Sean Harlow played offensive tackle almost exclusively over four seasons at Oregon State, yet he knows the Falcons are going to try him at guard and that’s fine with him.
When the Falcons used the 136th pick of the NFL draft Saturday to select him in the fourth round, they turned in their pick listing Harlow as a guard. At 6-feet-4 1/8, 305 pounds, his body type suggests a move inside at the next level as he tied for the shortest arms of any offensive linemen at the scouting combine.
Team officials told the former Oregon State captain as much.
“Yeah, definitely,” Harlow confirmed. “I think it will be fine. I practiced it a bunch in college. I’m comfortable doing it … I’m really looking forward to the challenge of playing inside, and getting after it.”
Having also practiced at center while at Oregon State, Harlow will get work there with the Falcons as well. The NFL won’t be new for his family. His father, Pat, played tackle at USC before the Patriots made him the No. 11 pick of the 1991 draft. He played eight NFL seasons with New England and Oakland.
Falcons defensive passing-game coordinator Jerome Henderson was a teammate of Pat Harlow’s in New England.
“Jerome Henderson and Sean’s dad were drafted at the same time, and were teammates,” Falcons coach Dan Quinn said. “He’s a versatile guy; we’re going to see if he can snap it, too.”
From San Clemente, Calif., Harlow has never been to Atlanta, and rarely has traveled east of the Mississippi River, yet he has some familiarity here.
“I know a couple people out there already,” he said. “(Falcons running back) running back Terron Ward and (tight end) Austin Hooper (who played at Stanford). I played with Terron in college, and just know Austin from recruiting and Stanford.”
Steve Sarkisian, the Falcons’ first-year offensive coordinator and a former USC head coach, tried to recruit Harlow to play for the Trojans. Although the player did not travel to Falcons headquarters in the pre-draft leadup, Harlow’s been in front of team officials multiple times.
“I had a really good on-the-field workout, and I had one of the formal interviews at the combine,” he said. “I’ve known coach Sark since he was recruiting me out of high school, and the whole staff was awesome. I’m just really stoked about the whole process.”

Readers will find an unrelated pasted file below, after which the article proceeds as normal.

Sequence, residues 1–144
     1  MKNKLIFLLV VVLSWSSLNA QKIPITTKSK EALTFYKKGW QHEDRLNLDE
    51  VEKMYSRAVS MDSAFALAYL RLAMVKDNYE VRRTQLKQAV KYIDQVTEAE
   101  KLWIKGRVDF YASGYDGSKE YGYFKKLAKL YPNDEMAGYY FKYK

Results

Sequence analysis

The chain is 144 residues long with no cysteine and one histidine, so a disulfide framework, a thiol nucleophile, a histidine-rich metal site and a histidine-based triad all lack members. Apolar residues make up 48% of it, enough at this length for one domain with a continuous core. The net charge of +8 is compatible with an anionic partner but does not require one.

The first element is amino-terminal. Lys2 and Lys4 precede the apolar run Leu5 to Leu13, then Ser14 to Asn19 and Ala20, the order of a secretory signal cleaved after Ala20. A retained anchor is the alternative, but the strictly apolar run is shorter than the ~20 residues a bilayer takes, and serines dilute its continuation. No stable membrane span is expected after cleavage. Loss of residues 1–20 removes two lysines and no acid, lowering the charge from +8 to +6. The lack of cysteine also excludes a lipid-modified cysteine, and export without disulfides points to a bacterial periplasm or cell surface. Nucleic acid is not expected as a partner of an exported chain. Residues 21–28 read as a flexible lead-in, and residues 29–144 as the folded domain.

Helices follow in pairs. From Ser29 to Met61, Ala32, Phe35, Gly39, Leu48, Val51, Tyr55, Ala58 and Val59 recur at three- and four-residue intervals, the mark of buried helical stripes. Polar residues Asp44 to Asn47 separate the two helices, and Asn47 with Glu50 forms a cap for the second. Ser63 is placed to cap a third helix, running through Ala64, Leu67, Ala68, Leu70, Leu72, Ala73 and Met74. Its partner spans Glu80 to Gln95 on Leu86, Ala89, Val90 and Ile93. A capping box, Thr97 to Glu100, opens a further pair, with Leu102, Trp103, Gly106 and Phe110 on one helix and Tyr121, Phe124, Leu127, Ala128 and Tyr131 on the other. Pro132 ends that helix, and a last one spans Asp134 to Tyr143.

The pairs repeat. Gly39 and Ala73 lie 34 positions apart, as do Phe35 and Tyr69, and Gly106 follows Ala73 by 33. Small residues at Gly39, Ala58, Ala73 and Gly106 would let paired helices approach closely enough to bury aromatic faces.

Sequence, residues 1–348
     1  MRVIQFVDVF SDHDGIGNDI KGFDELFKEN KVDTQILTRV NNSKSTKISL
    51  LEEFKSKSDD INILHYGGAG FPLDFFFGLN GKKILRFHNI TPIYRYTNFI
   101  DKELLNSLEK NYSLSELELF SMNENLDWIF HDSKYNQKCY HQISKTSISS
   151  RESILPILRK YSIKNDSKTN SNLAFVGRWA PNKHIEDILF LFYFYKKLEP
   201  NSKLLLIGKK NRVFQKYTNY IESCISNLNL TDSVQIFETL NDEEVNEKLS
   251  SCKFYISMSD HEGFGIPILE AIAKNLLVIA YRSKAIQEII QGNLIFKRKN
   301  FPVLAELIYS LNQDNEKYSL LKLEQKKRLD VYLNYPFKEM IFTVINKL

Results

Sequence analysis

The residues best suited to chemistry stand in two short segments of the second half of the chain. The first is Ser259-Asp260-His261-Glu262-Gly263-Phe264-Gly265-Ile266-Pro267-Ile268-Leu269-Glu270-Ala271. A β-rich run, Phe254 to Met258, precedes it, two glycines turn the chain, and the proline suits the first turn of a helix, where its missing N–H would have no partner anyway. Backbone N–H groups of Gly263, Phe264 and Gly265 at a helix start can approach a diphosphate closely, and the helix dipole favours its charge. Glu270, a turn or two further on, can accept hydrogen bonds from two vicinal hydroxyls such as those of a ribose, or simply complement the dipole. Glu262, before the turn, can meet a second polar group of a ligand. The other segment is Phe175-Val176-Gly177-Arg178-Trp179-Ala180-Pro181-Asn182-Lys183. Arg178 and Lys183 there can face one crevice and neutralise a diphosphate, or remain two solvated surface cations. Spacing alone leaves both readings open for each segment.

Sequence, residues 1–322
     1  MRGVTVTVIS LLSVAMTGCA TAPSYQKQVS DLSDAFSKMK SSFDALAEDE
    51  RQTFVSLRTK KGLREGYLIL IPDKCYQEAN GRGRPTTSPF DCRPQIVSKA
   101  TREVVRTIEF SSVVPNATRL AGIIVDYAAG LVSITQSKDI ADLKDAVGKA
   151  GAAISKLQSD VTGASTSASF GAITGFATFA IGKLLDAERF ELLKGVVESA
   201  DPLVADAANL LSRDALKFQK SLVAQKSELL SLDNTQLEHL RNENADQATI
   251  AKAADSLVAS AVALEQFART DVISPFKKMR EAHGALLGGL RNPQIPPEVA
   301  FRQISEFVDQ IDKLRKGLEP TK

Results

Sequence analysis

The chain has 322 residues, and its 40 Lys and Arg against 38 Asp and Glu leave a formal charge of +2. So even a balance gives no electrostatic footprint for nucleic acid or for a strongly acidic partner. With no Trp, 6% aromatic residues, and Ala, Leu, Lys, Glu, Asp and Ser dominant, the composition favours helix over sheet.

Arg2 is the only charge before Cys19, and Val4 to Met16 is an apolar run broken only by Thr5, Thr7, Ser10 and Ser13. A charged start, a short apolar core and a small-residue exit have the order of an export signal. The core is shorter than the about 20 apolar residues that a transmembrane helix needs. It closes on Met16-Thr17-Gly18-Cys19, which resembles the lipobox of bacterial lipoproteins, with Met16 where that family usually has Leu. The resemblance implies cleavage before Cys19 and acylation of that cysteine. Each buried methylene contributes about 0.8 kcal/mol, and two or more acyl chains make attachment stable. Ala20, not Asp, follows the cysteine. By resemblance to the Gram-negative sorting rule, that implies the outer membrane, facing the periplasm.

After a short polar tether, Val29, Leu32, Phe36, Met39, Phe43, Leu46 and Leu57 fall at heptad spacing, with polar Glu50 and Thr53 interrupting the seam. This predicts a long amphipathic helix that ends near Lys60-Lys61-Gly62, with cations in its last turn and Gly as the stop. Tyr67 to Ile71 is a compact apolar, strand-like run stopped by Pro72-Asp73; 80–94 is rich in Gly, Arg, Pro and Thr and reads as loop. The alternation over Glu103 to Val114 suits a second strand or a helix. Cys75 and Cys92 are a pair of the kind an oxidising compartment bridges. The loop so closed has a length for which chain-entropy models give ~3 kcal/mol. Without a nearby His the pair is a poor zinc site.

Harlow enrolled a semester early at Oregon State and graduated with a degree in human development and family sciences. He is considered a better run blocker than pass protector.
He’s likely to compete with second-year pro Wes Schweitzer, Ben Garland and others for work at right guard, where Chris Chester retired.
“I know (the Falcons) run a lot of outside zone, which is great,” said Harlow, who also played defensive line in high school. “They’re a run-heavy team, which is something that I really pride myself in, and I’m really looking forward to learning all I can and getting after it and competing.”
Having played weighing as little as 284 in college, Harlow played last season around 295 and though he weighs 305 now, he’s open to change.
“It’s really up to the team,” he said. “I can go up, go down, stay the same.”
Schweitzer struggled last season as a rookie making the transition to guard from college tackle, and admitted as much. Quinn, though, said he’s worked extremely hard, and in fact is among the Falcons he currently believes are “setting it off” with the intensity of their offseason workouts and studying.
Harlow’s leadership qualities have shown up well in many scouting reports.
“I think it’s different for different guys. We’re excited about where Wes is headed; he can snap it, too,” Quinn said. “I have a sense that Sean is made of the same things. That’s what everybody has reported to us. … You’ll probably see him in a lot of spots in preseason games.”